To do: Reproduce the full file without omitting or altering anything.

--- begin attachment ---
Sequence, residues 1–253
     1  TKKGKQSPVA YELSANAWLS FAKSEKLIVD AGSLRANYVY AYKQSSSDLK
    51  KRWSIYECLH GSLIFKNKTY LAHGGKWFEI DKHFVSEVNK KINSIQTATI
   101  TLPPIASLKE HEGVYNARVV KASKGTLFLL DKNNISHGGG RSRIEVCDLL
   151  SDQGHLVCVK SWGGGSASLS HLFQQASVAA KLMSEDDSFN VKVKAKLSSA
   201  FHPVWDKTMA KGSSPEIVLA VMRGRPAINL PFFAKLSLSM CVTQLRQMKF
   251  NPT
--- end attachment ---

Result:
Sequence, residues 1–253
     1  TKKGKQSPVA YELSANAWLS FAKSEKLIVD AGSLRANYVY AYKQSSSDLK
    51  KRWSIYECLH GSLIFKNKTY LAHGGKWFEI DKHFVSEVNK KINSIQTATI
   101  TLPPIASLKE HEGVYNARVV KASKGTLFLL DKNNISHGGG RSRIEVCDLL
   151  SDQGHLVCVK SWGGGSASLS HLFQQASVAA KLMSEDDSFN VKVKAKLSSA
   201  FHPVWDKTMA KGSSPEIVLA VMRGRPAINL PFFAKLSLSM CVTQLRQMKF
   251  NPT